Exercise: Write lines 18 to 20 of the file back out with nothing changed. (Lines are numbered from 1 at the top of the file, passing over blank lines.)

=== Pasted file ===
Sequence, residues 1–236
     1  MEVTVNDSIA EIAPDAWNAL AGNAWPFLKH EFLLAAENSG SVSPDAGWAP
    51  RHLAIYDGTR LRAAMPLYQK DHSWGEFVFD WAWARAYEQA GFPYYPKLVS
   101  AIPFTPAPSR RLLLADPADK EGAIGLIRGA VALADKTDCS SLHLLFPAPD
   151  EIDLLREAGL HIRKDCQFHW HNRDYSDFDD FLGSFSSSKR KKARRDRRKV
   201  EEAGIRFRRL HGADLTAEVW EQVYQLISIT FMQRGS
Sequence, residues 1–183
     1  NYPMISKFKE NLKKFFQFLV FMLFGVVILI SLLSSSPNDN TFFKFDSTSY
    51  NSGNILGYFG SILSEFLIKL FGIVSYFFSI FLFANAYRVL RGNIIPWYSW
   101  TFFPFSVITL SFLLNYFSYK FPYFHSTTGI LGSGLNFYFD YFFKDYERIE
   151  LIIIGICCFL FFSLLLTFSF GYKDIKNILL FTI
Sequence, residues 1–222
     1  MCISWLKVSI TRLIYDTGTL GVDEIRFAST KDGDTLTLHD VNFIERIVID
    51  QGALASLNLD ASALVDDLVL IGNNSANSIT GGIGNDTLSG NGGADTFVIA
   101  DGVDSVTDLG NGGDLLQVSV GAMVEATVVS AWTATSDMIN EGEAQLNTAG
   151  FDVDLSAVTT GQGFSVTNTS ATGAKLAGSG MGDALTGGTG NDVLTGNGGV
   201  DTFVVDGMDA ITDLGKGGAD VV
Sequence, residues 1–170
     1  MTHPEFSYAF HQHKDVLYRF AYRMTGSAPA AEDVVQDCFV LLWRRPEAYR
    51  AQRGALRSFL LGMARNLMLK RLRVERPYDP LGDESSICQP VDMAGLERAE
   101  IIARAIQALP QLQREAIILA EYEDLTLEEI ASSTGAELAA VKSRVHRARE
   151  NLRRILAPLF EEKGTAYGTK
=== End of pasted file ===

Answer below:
Sequence, residues 1–170
     1  MTHPEFSYAF HQHKDVLYRF AYRMTGSAPA AEDVVQDCFV LLWRRPEAYR
    51  AQRGALRSFL LGMARNLMLK RLRVERPYDP LGDESSICQP VDMAGLERAE